* Russia bans Western food imports to retaliate against
* Shoppers stock up on foreign products before ban bites
* Older generation recalls Soviet-era queues for food
* Putin confident Russian suppliers can fill gap
* Brazil keen to grab share of huge Russian market
By Alexander Winning and Dmitry Zhdannikov
MOSCOW, Aug 7 TsUM department store once
showcased the Soviet Union's meagre offering of consumer goods.
Now shops in its basement food hall are stuffed with imported
delicacies catering for today's well-heeled Russians - the very
goods the Kremlin has decided to ban.
On Thursday, Moscow's middle and upper classes still browsed
through the aisles neatly stacked with French cheeses,
Australian wines and Spanish cured meats at the Globus Gourmet
supermarket. Among the offerings was a rare local product - a
can of black caviar costing $1,800.
Such shopping trips may mark a last chance to stock up on
everything except the caviar for at least a year; President
Vladimir Putin - whose office lies a stone's throw away in the
Kremlin - has signed a decree banning for 12 months imports of
food from any country that has imposed sanctions on Russia.
"I remember standing in queues in Soviet times, when there
was nothing on the shelves, but my children have grown up
differently and we have different tastes," said Maria, an office
worker in her fifties at TsUM's Gothic-style building, who
declined to give her full name.
"It's a nightmare, of course. Nothing good will come of it,"
she said during a shopping trip with her friend, Anna.
TsUM (Central Universal Department Store) dates from the
early 20th century and was nationalised during the Russian
revolution. After Soviet communism collapsed more than two
decades ago, it returned to private hands, supplying a city that
now has more billionaires than anywhere else except New York.
Today door staff gaze vaguely disapprovingly at any arriving
customers who appear unlikely to be able to afford the often
Hit by sanctions over the Ukraine crisis, Russia has
retaliated by imposing sweeping bans on fruit, vegetables, meat,
fish, milk and dairy imports from the United States, the
European Union, Australia, Canada and Norway.
If the ban is implemented in full, shops like Globus Gourmet
- and there are dozens of them in Moscow - will be hurt badly.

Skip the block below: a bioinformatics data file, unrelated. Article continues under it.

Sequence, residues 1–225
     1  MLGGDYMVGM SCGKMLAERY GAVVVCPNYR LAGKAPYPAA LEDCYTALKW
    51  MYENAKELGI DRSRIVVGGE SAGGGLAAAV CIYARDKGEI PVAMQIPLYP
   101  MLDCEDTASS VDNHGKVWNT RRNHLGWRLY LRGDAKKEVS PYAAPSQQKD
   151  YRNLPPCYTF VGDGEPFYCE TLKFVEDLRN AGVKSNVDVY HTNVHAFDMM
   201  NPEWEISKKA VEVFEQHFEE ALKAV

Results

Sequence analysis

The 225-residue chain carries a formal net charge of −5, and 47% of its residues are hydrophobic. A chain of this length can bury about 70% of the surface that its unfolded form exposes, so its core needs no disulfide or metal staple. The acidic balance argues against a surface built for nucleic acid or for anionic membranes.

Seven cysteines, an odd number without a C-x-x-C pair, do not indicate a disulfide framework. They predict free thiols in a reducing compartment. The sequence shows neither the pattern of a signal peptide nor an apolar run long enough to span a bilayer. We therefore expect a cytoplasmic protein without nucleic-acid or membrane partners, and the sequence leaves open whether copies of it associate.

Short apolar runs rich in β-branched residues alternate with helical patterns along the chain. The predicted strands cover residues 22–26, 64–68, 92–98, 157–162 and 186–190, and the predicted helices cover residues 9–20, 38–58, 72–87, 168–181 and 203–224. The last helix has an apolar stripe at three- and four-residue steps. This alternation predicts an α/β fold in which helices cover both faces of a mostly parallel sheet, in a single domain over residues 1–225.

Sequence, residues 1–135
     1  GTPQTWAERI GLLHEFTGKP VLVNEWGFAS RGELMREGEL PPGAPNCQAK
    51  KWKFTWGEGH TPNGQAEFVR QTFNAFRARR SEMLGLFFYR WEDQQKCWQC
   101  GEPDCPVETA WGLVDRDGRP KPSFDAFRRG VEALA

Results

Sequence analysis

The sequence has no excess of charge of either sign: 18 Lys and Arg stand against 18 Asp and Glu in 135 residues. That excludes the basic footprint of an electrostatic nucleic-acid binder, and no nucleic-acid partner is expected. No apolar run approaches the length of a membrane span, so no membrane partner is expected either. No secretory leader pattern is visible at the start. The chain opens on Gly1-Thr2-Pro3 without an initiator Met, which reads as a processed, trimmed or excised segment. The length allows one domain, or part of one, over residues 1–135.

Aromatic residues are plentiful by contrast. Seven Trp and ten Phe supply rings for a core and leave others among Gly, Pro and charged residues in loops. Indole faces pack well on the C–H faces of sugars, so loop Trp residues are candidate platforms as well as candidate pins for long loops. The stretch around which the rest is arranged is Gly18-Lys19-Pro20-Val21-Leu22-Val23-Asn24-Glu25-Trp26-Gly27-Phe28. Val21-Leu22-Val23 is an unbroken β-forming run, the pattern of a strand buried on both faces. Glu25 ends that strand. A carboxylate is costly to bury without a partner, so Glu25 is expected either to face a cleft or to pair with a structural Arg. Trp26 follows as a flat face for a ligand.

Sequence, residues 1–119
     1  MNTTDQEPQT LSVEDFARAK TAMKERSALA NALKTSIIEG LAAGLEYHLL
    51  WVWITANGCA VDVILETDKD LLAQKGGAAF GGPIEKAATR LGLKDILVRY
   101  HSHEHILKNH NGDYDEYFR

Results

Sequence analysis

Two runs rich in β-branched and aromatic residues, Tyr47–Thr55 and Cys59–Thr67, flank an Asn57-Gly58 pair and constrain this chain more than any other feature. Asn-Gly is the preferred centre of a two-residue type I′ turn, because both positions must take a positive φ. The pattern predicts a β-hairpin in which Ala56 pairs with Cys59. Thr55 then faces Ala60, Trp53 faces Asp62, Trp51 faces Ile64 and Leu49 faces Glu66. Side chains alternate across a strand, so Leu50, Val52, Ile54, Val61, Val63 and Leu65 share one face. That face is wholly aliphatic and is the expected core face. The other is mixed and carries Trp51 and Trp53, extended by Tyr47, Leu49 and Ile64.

Putin said Russian producers will easily fill the gap, and
unaffected countries such as Brazil and some former Soviet
republics are keen to grab a bigger share of a huge market.
SPARTAN SOVIET DAYS
Russia bought about $40 billion worth of imported food last
year. It has become by far the biggest consumer of EU fruit and
vegetables, the second biggest buyer of U.S. poultry and a major
consumer of fish, meat and dairy products.
While the basics will probably remain available, the ban has
also reawoken memories of the spartan Soviet era for Anna.
"My friends used to bring me tiny blocks of cheese from
Holland as a present," she said. Anna was rushing to stock up on
imported gluten-free produce needed by people with wheat
allergies, which she said was in short supply in Moscow.
Both women said the restrictions would hurt ordinary
Russians most of all, and they feared a sharp rise in prices for
By no means is all imported food for the wealthy. For
instance, Russians have eaten their way through huge quantities
of U.S. chicken pieces since the early post-communist days.
The Russian central bank has already warned that import bans
could make it harder to control inflation, which dipped to an
annual 7.5 percent in July but remains well above last year's
6.5 percent rate.
On Thursday, Prime Minister Dmitry Medvedev said the
government would make sure inflation remained under control but
also promised that anyone who tried to profit from the import
bans would be punished.
Most Russians would associate such warnings with Soviet
campaigns against "speculators" when people could go to jail for
trying to import and sell jeans or video recorders.
Medvedev also said Russia has managed to raise domestic food
production sharply and should face no problems in substituting
imports except of milk and certain types of meat, mainly beef.
Unlike shoppers, most members of the business community were
more careful in their comments on the ban.
Russia's business elite has so far stayed firmly behind
Putin, despite expectations in Washington and Brussels that
sanctions on some of the president's closest allies would lead
to them to pressure him into changing course on Ukraine.
"We understand the political difficulties and will adjust,"
said Sergei Galitsky, co-owner of Russia's largest food chain
Magnit. "Russia probably has to respond to sanctions. So here we
are. What can you do?" he told the Kommersant newspaper.
Mikhail Susov, who manages the Globus Gourmet chain, said
shops needed time to adapt, especially the big groups. "We will
be fine. We won't have empty shelves but the choice will be
worse," he said.
Vladimir Rusanov, a spokesman for another retailer, X5, said
that 35-40 percent of his firm's goods were imported. "Now we
will have to boost ties with the Customs Union (with Kazakhstan
and Belarus) and southeast Asia," he said.
Mikhail Anshakov from the Society of Consumer Protection was
less optimistic. "We may soon see rationing cards. Many products
are either imported or made from foreign material. Our producers
are not real producers, they just package stuff," he said.
(Additional reporting by Maria Kiselyova, Olga Sichkar and
Tatiana Ustinova, Editing by David Stamp)